Thousands of Thai pro-government Red Shirts massed yesterday in a show of support for Prime Minister Yingluck Shinawatra, warning that they would resist attempts to oust her through the courts.
More than 3,000 Thai police and troops have been mobilized for the rally on the western outskirts of Bangkok, following political violence in which 24 people have been killed and hundreds wounded in recent months.
Thailand has been rocked by years of sometimes bloody street protests by supporters and opponents of fugitive former premier Thaksin Shinawatra, Yingluck’s elder brother.
Up to 20,000 Red Shirts were already gathered by yesterday morning, several hours ahead of the official start of the two-day rally, according to Paradorn Pattanatabut, a security adviser to the Thai premier.
“The authorities expect more than 200,000 Red Shirts to turn out,” he told reporters, as supporters of the movement poured into the capital in buses and trucks for what is expected to be their biggest show of strength in the months-long crisis.
Paradorn said Thai authorities did not expect any clashes with rival anti-government protesters who have been holding daily rallies at a park in the city center, far from the site of the Red Shirt rallies.
“What we are concerned by is third parties,” he said, alluding to unidentified assailants who have launched a series of gun and grenade attacks around the capital in recent months, often targeting opposition protesters.
The rival rallies have highlighted the political fault lines that have riven Thai society since a military coup toppled Thaksin in 2006.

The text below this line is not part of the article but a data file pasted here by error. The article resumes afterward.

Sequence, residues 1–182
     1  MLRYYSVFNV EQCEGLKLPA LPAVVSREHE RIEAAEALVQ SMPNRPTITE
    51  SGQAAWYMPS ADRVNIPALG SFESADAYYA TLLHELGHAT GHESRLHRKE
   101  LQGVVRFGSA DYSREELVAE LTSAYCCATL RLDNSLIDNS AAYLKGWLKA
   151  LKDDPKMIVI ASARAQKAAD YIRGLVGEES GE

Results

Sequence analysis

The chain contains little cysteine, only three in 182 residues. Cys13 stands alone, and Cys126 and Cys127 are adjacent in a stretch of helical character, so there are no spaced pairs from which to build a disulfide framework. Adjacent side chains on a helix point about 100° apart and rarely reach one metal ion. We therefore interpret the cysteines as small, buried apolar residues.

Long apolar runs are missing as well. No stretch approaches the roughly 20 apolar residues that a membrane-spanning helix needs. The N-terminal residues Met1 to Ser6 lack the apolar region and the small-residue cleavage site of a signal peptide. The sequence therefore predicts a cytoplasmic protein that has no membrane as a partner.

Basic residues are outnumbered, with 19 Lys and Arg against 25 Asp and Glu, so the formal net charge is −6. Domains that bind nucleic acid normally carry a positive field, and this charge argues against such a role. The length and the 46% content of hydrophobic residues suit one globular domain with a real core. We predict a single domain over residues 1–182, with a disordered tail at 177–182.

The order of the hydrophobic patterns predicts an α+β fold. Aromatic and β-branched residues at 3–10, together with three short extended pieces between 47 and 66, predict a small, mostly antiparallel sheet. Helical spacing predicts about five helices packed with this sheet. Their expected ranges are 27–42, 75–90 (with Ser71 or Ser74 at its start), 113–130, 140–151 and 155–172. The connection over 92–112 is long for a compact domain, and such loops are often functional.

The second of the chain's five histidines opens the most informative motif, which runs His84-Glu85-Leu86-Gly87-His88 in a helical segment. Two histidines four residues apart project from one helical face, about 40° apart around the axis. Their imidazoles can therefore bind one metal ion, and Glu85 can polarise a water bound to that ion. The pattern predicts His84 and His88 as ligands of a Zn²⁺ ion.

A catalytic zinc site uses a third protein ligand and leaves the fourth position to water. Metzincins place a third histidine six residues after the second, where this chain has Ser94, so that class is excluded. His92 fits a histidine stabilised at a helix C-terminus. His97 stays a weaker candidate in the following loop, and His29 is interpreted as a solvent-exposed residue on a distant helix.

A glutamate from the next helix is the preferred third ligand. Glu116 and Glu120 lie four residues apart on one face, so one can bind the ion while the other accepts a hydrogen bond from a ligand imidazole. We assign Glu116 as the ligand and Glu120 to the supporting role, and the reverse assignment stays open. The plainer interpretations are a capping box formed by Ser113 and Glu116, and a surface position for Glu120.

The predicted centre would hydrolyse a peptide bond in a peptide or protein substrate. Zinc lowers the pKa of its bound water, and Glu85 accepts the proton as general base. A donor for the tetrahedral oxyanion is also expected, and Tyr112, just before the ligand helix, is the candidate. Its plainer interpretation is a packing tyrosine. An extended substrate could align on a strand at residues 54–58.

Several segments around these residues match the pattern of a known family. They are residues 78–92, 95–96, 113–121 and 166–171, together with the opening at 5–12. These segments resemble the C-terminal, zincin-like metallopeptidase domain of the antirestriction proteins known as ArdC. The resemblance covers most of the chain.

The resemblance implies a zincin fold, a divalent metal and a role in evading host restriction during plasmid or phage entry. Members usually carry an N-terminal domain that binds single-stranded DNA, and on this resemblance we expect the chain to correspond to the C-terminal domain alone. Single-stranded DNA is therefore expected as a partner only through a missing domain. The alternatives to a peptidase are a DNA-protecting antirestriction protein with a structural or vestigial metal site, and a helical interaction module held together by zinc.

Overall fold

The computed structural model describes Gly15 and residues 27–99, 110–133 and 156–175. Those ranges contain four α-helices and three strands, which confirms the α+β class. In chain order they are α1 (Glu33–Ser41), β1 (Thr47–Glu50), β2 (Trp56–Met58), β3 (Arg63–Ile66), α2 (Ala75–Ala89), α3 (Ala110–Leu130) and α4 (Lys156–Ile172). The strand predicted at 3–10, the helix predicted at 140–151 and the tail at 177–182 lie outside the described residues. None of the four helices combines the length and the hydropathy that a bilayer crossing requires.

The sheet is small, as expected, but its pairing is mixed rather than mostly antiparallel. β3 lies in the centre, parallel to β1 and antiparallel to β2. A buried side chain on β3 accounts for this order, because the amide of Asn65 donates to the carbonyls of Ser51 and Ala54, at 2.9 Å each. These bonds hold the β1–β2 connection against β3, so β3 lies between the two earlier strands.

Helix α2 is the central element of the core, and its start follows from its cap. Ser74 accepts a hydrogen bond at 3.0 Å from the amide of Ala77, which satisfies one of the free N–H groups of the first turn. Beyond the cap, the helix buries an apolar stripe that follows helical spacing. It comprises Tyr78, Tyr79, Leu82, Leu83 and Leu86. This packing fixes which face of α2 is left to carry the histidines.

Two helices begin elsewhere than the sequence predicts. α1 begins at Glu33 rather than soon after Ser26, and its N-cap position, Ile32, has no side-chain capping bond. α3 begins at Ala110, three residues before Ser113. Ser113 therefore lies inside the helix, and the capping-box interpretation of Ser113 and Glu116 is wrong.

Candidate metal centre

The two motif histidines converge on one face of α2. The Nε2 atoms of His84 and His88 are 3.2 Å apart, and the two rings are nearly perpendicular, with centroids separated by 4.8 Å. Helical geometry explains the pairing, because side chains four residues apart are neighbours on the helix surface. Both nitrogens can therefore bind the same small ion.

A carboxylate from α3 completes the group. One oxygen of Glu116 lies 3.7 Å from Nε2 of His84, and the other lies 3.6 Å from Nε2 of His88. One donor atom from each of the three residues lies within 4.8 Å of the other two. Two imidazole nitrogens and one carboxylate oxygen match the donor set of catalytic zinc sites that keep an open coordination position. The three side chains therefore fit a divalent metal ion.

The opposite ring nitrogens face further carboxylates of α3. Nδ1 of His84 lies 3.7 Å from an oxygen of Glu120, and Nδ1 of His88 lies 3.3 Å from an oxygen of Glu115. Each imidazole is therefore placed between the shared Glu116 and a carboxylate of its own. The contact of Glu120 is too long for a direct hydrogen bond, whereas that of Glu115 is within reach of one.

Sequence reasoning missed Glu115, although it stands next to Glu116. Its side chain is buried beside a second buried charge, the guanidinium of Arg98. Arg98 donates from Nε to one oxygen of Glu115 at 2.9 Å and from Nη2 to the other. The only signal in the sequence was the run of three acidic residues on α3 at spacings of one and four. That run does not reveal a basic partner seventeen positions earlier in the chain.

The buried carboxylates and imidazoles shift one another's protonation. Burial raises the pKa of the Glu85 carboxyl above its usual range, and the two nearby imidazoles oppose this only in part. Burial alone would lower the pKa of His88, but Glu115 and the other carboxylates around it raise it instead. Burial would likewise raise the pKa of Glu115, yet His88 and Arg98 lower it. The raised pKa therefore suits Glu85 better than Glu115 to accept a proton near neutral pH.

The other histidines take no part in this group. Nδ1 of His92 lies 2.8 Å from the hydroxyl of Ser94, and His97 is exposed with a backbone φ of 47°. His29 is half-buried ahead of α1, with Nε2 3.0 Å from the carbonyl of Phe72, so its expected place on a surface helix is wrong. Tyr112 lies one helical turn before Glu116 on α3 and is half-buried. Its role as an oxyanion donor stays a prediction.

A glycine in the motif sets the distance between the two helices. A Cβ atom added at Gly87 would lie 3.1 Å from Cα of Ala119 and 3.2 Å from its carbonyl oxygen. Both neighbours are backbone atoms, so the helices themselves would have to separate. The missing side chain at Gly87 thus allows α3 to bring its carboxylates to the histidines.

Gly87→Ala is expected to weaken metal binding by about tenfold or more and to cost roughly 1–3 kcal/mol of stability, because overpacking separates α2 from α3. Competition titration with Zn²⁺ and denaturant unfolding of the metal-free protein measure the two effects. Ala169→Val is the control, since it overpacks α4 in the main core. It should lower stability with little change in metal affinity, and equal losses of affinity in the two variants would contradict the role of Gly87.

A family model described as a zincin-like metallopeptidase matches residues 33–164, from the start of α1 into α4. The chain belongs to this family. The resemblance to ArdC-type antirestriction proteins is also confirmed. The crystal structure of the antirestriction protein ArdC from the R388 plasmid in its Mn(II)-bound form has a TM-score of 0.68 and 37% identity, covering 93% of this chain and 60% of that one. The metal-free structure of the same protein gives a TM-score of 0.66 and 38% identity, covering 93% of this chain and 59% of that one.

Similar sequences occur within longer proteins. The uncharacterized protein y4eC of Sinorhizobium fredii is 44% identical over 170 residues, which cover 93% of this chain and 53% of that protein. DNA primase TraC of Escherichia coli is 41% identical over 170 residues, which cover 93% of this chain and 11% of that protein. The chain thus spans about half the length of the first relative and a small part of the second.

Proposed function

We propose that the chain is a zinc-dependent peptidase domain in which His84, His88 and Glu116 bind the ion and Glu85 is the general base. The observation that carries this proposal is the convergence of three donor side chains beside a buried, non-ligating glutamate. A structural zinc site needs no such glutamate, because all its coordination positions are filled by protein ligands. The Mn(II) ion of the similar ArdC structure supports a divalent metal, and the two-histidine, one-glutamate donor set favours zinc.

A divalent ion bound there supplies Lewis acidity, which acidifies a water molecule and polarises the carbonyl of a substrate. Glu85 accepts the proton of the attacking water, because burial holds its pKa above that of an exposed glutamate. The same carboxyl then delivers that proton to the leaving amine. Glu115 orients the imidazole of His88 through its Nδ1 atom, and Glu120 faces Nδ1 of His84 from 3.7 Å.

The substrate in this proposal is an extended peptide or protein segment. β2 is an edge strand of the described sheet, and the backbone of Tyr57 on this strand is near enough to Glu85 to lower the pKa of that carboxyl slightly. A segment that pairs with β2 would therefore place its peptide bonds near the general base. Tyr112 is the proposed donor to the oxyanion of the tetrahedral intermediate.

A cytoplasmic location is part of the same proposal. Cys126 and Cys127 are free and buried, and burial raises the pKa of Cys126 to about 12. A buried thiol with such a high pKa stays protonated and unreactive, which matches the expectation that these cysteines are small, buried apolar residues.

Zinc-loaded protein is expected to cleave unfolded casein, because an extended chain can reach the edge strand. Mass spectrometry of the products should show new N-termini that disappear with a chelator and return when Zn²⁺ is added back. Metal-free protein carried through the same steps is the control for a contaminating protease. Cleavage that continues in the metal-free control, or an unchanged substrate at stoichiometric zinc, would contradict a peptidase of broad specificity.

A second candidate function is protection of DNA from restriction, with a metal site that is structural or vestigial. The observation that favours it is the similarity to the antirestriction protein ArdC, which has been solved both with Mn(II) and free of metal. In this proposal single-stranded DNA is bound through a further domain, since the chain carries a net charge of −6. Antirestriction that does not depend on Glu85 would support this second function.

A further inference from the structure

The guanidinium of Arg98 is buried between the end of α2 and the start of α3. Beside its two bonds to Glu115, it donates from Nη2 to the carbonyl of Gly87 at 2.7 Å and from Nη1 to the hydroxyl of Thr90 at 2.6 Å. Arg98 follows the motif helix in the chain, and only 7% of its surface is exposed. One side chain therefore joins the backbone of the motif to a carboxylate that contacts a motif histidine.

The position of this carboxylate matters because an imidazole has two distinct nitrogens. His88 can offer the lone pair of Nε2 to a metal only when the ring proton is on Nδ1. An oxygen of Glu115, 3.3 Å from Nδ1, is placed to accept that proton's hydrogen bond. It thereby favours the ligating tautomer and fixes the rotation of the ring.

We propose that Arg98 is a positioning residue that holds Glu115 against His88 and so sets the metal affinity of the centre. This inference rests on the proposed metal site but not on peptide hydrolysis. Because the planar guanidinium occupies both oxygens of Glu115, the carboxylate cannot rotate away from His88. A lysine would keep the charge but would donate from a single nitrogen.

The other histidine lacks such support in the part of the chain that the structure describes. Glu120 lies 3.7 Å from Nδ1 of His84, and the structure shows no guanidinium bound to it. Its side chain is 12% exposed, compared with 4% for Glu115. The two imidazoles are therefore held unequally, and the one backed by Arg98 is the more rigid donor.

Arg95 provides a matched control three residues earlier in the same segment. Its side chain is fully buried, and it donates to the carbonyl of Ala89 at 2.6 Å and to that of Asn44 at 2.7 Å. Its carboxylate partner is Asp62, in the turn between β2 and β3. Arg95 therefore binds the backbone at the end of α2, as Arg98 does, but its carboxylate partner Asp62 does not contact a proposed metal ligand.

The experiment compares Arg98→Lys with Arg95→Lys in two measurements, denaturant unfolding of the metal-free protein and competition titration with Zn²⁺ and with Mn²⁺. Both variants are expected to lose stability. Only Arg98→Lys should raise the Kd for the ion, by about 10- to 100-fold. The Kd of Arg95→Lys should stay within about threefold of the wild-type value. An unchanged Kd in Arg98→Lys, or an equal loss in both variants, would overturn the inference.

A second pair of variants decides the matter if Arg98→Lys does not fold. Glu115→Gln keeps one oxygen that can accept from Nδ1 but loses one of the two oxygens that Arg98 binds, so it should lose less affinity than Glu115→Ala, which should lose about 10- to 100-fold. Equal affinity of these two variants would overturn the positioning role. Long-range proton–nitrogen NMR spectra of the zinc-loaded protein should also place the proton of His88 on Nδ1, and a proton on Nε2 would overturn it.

Thaksin, a telecoms tycoon-turned-politician, who clashed with Thailand’s royalist establishment, has traditionally enjoyed strong support in the northern half of the kingdom.
The ousted premier, who fled overseas in 2008 to avoid jail for a corruption conviction, is hated by many Thais in Bangkok and in the south who accuse him of corruption and nepotism.
The opposition says it wants to install an unelected “neutral” leader to oversee vaguely defined reforms aimed at clamping down on corruption and reining in the Shinawatra family’s political dominance.
Drawn mostly from the poor, but populous, north and northeast, the Red Shirts say they will not accept the removal of another democratically elected government.
“If they are stubborn and go ahead to appoint a neutral prime minister or stage a coup, the Red Shirts will fiercely oppose it,” the movement chairman Jatuporn Prompan told reporters at the rally site.
Yingluck faces neglect of duty charges linked to a loss-making rice subsidy scheme and allegations of abuse of power over the transfer of a top Thai security official.
Her supporters view the moves as an attempted power grab.
Hundreds of Red Shirts underwent self-defense training earlier this week to act as security guards for the rally, which is expected to be the first of a series of major protests to defend the government.
The Thai Constitutional Court last month annulled a February general election disrupted by demonstrators, leaving Thailand in a legislative stalemate with only a caretaker government.
Thaksin-allied parties won every previous election for more than a decade. The Thai Election Commission is due to hold talks with political parties on April 22 about holding new polls.